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Recognizing the barriers facing technology & impact in value-based health

Recognizing the barriers facing technology and its impact in value-based healthcare

By Emily Griese, PhD, Director, Population Health, Sanford Health & Associate Scientist, Population Health, Sanford Research

Technology continues to propel the healthcare sector forward. Consider the advents within healthcare data: long gone are paper charts filled with unintelligible provider notes, instead our EMRs and various data sources backfill warehouses with terabytes of healthcare data. Data mining techniques and the introduction of artificial intelligence provide the capability of developing not only predictive but prescriptive models – with algorithms capable of near certain (data-based) prediction of patient risk and optimal pathways to mitigate those risks.

These technological advances are pivotal for providing direction and innovation in the midst of a shifting healthcare sector, from volume (per click reimbursement) to value (population-based reimbursement).  Yet, in the advent of disruptive technology, including our capabilities in data-driven healthcare, we have yet to experience a subsequent disruption in patient and community health outcomes. That is, while technological advances including the next best predictive algorithm are growing in specificity and applicability, these advances seem to be outpacing healthcare’s ability to leverage them effectively and impact fully, with measurable population-based health outcomes.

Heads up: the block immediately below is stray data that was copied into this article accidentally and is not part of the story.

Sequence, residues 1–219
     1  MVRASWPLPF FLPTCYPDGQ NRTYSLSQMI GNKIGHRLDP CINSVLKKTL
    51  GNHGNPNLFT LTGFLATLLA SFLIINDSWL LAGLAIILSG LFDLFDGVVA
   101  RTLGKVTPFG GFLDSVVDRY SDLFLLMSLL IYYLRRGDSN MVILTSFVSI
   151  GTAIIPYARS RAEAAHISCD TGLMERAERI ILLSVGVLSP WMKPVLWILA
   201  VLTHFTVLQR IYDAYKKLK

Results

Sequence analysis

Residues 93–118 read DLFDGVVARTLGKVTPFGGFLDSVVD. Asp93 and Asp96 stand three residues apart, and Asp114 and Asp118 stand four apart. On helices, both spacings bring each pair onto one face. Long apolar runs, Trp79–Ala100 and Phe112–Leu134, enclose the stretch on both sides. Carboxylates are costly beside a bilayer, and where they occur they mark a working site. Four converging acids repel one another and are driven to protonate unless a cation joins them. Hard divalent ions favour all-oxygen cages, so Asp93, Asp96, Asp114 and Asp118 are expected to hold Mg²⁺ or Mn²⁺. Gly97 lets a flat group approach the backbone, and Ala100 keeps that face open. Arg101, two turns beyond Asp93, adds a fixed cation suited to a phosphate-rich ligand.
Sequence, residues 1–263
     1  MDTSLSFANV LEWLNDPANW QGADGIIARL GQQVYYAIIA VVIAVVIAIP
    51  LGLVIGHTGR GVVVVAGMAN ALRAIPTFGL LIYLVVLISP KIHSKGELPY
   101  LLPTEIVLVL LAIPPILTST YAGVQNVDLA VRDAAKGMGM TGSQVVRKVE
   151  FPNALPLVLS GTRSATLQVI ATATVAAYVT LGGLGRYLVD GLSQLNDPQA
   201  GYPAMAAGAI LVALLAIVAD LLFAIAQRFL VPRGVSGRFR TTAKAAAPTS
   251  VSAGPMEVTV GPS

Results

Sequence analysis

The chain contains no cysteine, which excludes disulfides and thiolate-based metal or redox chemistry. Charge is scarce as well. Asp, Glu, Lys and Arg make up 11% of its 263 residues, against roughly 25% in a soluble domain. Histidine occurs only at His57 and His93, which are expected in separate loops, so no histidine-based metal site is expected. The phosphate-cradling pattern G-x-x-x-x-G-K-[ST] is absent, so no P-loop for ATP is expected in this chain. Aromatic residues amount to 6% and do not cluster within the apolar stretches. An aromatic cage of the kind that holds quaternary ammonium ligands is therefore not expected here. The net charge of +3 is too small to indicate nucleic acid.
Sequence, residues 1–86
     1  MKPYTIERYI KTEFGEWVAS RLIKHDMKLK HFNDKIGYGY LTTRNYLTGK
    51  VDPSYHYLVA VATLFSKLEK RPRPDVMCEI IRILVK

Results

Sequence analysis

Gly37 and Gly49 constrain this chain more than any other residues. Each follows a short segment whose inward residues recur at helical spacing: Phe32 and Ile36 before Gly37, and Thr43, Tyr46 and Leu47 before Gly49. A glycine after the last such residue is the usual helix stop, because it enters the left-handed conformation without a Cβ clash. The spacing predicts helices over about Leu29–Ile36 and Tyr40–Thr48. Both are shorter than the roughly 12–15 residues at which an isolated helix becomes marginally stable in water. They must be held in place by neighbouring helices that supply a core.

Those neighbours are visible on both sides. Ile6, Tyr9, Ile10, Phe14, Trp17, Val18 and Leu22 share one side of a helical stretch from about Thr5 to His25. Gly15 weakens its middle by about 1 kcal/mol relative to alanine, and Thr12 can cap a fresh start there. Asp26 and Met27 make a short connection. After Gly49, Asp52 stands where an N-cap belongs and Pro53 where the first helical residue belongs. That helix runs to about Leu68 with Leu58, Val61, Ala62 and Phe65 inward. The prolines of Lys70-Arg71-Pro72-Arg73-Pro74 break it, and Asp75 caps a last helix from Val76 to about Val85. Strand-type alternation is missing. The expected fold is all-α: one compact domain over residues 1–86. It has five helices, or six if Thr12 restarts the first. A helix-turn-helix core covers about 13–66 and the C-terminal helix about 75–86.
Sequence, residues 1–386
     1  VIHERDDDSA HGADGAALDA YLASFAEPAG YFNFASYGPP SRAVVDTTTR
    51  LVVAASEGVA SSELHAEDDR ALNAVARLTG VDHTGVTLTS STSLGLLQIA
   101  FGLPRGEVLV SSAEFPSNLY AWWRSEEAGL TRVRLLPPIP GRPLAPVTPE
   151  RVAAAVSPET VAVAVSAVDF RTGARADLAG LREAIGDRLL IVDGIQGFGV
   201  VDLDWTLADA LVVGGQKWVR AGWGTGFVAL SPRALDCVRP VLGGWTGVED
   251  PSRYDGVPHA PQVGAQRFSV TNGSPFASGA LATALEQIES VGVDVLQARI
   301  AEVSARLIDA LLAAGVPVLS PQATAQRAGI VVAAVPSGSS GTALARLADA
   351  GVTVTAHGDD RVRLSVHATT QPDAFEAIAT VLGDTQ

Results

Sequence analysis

As healthcare continues to shift from volume to value – the need to identify outcomes early is crucial.

This should not come as a surprise to those of us engulfed in the day-to-day of healthcare. We’ve all been there, having dreamt up the next best advancement for our organization, working tirelessly to bolster the right support to push it forward with urgency and impact. Then the real challenge, integration into operations. How does the next best idea become integrated within the broader clinical flow of everyday health care delivery? This becomes even more difficult when we set out to effectively evaluate and to build sustainable, scalable processes around it. Similar to most tech vendors or forward organizational thinkers who appear to have the “solution”, the difficult work comes in putting it all into action. There is no shortage of ideas for predictive models, best practice alerts, or the next best machine learning algorithm. However, in standing up new technology, we often miss the mark in shifting the culture behind the tool – to make it effective, meaningful, and impactful for our patients.

The Institute of Medicine (IoM) defines a learning healthcare system as one where, “science, informatics, incentives, and culture are aligned for continuous improvement and innovation, with best practices seamlessly embedded in the delivery process and new knowledge captured as an integral by-product of the delivery experience.” Unfortunately, building a culture that collaborates early and often in the development, implementation, alignment and testing of new technology is a mountain most healthcare systems continue to face. Yet, in my experience working alongside healthcare administration, technology leaders, data analysts, researchers, and providers, there do seem to be effective ways of overcoming these barriers. The approaches are not earth-shattering, yet if done with intention as part of the early strategy, they may assist in breaking down the barriers for uptake and impact – those standing in the way of truly impactful technological advancement and a radical impact on the health outcomes of our patients and communities.